The questioning look vanished, replaced by something akin to joy that at least he had an answer for her. "Master Samuel and Master … um… 'Bee' as he called himself, are awaiting your pleasure in the Tudor Morning room. They have been here for the past ten minutes."

She was running before she knew what she was doing, Wheelie held so tightly to her chest that she barely heard the little squeak of protest. It couldn't' be helped, not in her panic, not in her mad dash throughout the house. Shouts ranging from alarm to outright contempt at her 'hysteric antics' followed in her wake as she plowed her way through the throng of gathered people, shouts that barely registered in her thoughts. Her pulse pounded thickly in her ears, the rushing of her blood in her veins sounding like rapids.

Pure panic had set in, the dam of her emotions shattered by the though that Sam and 'Bee were there. Sam and 'Bee had beenthere for over ten minutes while she had wallowed in her misery. They could save her. They could help her make this nightmare go away. They could take her to her real home, to Diego Garcia with the Autobots, where her enemies had solid forms that bullets could hurt.

Where her enemies were not the ghosts of her lonely past.

It was unnerving to say the least.

Heavy brocade draperies, their finely woven gold threads glimmering like jewels in the muted light from the Tiffany lamps, covered what had to be more window that a building had a right to own. The entire length of one wall of the room rectangular room was covered over with the wine-and-gold curtains, the fabric so thick and heavy that it required mammoth-sized ornately carved rods to hold them in place. An even those were heavily gilded with the precious metal. Sam couldn't help but realize that the gold on those rods was age darkened to a dignified glimmer instead of a high-polished shine. He also couldn't help but realize that one of those curtain rods could probably have paid for his entire college education. And that was just the curtain rods in the room.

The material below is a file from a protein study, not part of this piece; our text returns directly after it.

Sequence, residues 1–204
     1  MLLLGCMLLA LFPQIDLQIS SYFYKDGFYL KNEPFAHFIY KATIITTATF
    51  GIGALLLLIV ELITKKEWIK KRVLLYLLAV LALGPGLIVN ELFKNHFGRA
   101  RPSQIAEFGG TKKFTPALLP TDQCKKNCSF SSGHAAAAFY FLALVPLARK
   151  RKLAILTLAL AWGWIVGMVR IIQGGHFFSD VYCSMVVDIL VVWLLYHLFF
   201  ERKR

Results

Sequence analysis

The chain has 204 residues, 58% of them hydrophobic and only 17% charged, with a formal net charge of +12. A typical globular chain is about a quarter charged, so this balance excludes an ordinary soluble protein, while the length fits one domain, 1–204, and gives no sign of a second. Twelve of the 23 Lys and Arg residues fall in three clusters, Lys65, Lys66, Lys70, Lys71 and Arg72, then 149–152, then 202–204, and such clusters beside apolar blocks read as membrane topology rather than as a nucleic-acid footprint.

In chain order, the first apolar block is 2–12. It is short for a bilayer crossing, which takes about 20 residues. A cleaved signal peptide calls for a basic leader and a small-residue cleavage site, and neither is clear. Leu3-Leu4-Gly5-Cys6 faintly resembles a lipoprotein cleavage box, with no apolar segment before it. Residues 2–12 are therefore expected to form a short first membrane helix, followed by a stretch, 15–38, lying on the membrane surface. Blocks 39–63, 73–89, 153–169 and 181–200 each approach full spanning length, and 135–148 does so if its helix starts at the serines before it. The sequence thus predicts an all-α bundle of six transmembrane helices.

That didn't count the Tiffany lamps, the Tiffany clock on the mantle of the fireplace, nor the Queen Anne antique chairs the seriously looked old enough for Her Highness, Herself, to have sat in them.

"I don't think anything from a department store has ever graced an inch of this place," Sam murmured, glancing around again.

"I don't think anything from this century has ever graced an inch of this place," Bee replied, shaking his head.

Sam's head whipped around, staring at the young man who was in turn staring at one of the many paintings on the wall. The wall that wasn't covered in drapes, that was. It was still a shock to hear Bee's voice, though; the English accented-flavored words flowed so effortlessly from those holographic lips.

Bee's chosen form was that of a youth around the same age as Sam, himself. Though with light blond hair kissed here and there with streaks of sun-bleached white. Bee's skin was a golden tan that would make most models glare in envy, his build that of a pro-surfer, all rangy high and whip-like muscles. He'd chosen a simple pair of kaki paints and a short-sleeved button-down shirt, though, both loose enough on his frame to be polite and yet the untucked shirt lent casualness to the look. Simple loafers completed his human guise.